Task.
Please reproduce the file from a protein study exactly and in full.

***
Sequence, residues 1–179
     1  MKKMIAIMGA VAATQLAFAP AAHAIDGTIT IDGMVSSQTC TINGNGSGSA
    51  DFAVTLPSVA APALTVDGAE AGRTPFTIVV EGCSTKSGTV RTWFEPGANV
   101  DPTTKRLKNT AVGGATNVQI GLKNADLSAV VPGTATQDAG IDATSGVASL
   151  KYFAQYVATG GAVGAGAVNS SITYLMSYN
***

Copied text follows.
Sequence, residues 1–179
     1  MKKMIAIMGA VAATQLAFAP AAHAIDGTIT IDGMVSSQTC TINGNGSGSA
    51  DFAVTLPSVA APALTVDGAE AGRTPFTIVV EGCSTKSGTV RTWFEPGANV
   101  DPTTKRLKNT AVGGATNVQI GLKNADLSAV VPGTATQDAG IDATSGVASL
   151  KYFAQYVATG GAVGAGAVNS SITYLMSYN